The departure of Southern Health NHS Foundation Trust Chief Executive Officer Katrina Percy this week heralds fresh leadership of an organisation that was subject to criticism in a Report commissioned by NHS England following the death of Connor Sparrowhawk in July 2013 in a unit in Oxford run by the Trust.
The December 2015 Report reviewed investigations into the deaths of patients with learning disabilities and found that many investigations were of poor quality and took too long to complete, there was a lack of leadership, focus and sufficient time spent in the Trust on carefully reporting and investigating deaths, there was a lack of family involvement in investigations after a death and opportunities for the Trust to learn and improve were missed.
This was followed by a Care Quality Commission report published on 29 April 2016 which concluded that the Trust was still not doing enough to protect those in its care.
Dr Paul Lelliott, Deputy Chief Inspector of Hospitals and Lead for Mental Health, said:
“Since the failings identified in the Mazars report, this Trust has, rightly, been under intense scrutiny. In December 2015 it introduced a new system for reporting and investigating incidents, including deaths. It is too early to gauge the effectiveness of the new process. However, our inspectors found that the quality of the incident reports and initial management assessments, conducted both before and after the introduction of the new procedures, varied considerably.”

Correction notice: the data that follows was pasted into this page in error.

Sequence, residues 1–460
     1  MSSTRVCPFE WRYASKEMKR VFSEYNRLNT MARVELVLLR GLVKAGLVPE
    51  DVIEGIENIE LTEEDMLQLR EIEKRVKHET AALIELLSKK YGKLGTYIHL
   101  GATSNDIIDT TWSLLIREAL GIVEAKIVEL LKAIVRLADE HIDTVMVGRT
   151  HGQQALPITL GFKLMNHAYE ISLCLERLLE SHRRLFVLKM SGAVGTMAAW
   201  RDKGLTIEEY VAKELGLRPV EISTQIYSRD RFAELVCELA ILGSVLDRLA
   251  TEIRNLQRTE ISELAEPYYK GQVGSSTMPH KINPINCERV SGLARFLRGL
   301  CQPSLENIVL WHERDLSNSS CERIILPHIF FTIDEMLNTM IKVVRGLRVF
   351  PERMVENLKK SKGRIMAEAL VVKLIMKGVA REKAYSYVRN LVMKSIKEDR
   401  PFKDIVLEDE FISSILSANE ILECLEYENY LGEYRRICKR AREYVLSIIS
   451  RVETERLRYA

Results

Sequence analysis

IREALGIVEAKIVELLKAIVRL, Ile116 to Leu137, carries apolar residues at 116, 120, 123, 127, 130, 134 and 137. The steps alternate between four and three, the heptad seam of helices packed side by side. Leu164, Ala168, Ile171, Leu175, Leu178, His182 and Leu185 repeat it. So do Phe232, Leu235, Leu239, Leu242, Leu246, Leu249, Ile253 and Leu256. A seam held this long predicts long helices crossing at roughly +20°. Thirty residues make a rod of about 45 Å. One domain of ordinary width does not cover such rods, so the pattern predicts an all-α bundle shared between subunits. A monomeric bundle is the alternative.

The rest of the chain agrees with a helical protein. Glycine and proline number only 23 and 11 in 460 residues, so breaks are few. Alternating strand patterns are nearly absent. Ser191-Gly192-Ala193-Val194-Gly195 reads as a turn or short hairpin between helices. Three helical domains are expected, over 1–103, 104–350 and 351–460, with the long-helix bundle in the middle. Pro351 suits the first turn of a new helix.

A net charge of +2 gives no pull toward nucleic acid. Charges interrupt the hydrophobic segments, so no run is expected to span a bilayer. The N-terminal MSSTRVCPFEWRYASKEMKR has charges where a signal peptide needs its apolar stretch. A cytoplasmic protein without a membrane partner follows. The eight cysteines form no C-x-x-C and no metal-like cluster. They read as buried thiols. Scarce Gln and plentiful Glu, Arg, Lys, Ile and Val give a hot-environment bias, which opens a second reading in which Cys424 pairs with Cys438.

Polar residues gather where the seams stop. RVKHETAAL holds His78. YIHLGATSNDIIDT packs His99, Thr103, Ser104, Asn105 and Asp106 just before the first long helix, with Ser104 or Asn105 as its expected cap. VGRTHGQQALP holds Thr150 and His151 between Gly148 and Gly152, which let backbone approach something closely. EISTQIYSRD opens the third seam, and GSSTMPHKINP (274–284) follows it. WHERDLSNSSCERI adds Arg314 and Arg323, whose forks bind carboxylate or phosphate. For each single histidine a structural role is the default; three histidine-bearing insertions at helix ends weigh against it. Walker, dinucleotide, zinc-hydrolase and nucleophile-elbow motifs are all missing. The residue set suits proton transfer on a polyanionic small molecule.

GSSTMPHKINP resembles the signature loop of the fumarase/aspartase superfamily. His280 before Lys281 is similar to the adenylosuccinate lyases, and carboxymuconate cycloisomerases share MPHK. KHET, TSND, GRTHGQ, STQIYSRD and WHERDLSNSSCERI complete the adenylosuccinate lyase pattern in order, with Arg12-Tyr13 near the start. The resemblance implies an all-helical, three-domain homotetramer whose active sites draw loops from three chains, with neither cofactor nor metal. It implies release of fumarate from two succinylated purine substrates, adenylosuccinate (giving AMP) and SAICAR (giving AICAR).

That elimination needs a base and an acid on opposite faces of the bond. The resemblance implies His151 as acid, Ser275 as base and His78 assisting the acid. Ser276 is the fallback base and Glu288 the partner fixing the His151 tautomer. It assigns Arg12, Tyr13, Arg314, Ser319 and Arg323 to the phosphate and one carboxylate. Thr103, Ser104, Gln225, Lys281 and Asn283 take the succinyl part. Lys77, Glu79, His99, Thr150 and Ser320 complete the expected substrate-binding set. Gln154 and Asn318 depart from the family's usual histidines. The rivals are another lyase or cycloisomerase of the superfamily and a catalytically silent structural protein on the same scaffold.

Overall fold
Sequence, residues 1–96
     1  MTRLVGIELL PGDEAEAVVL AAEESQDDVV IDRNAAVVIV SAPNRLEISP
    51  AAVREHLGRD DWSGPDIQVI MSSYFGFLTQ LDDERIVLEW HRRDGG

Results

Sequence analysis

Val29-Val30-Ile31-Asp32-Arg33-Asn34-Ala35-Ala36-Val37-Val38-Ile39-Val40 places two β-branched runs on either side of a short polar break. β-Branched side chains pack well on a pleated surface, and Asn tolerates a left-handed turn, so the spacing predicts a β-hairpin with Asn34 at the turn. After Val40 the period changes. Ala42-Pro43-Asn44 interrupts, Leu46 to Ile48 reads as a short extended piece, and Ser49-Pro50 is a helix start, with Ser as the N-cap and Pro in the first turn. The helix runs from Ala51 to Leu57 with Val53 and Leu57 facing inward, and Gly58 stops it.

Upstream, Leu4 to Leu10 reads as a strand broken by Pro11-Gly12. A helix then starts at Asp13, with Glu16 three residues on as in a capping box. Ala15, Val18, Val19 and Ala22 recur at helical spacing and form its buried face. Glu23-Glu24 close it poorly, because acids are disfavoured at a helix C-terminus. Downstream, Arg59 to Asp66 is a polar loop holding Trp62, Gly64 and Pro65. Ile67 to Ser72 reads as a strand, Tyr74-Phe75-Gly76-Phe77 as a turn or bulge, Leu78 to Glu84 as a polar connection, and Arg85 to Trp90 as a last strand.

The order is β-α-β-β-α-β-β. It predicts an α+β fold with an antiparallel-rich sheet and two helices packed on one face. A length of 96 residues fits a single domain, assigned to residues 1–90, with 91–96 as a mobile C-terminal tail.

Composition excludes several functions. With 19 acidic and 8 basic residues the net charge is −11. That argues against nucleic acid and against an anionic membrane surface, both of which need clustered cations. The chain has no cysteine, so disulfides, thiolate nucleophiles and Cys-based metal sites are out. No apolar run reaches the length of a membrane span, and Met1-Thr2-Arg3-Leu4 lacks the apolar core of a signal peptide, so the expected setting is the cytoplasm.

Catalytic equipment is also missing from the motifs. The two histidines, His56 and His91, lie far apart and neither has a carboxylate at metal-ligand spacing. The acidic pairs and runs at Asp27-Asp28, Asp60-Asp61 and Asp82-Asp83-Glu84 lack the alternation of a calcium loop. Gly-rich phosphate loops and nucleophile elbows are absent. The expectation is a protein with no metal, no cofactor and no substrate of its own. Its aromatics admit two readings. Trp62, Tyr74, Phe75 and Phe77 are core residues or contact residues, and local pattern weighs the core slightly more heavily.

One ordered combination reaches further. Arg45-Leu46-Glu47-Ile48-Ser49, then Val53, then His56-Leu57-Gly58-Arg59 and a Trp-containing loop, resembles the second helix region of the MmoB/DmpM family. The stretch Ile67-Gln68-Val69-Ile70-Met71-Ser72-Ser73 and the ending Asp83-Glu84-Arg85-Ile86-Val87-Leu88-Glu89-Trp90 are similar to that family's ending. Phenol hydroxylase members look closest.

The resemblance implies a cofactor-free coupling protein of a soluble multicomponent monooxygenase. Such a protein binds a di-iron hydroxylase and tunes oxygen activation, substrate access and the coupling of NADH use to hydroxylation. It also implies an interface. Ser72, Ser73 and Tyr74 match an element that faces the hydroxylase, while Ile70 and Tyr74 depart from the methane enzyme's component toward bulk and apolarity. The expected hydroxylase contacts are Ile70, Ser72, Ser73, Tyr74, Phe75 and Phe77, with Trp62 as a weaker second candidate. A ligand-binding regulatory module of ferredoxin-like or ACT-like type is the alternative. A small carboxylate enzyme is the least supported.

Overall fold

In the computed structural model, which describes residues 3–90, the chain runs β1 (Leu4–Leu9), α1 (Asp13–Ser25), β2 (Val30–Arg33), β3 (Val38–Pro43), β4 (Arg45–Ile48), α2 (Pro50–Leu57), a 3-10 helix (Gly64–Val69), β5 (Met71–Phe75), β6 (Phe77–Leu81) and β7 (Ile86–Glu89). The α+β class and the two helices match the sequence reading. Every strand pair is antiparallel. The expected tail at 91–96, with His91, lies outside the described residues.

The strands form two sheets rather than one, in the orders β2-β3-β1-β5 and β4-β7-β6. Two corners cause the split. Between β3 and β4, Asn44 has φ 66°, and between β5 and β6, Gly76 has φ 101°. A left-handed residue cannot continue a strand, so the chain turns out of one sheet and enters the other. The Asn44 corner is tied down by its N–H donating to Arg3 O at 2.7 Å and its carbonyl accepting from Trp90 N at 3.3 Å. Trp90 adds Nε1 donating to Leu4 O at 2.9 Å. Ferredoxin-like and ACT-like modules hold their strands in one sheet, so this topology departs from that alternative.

“We found that in spite of the best efforts of the staff, the key risks and actions to address them were not driving the senior leadership or board agenda. It is clear that the Trust had still missed opportunities to learn from adverse incidents and to take action to reduce the chance of similar events happening in the future.”
“On 30 June Tim Smart announced the outcome of his review into Southern Health. I was pleased to have his endorsement and support to carry on in my role as Chief Executive and I have been humbled by the overwhelming support from staff and other colleagues.”
“Since then I have reflected on the effect the ongoing personal media attention has had on staff and patients and have come to the conclusion that this has made my role untenable. I have therefore come to the difficult decision to step down from my role as Chief Executive after nine years. I am delighted to be taking on an alternative role, providing strategic advice to local GP leaders as they work with others to transform the way in which health services are delivered across Hampshire, and I feel that now is the right time to take on that new challenge. I know, and understand, that many will say I should have stepped down sooner given the very public concerns which have been raised in the past months. I stayed on as I firmly believed it was my responsibility to oversee the necessary improvements and to continue the ground breaking work we have begun with GPs to transform care for our patients.”
“I would like to thank all of our staff for their unstinting daily support and dedication to delivering the best possible care for all those we look after. I wish everyone at the Trust, and everyone who has supported it, especially over the past year, all the best.”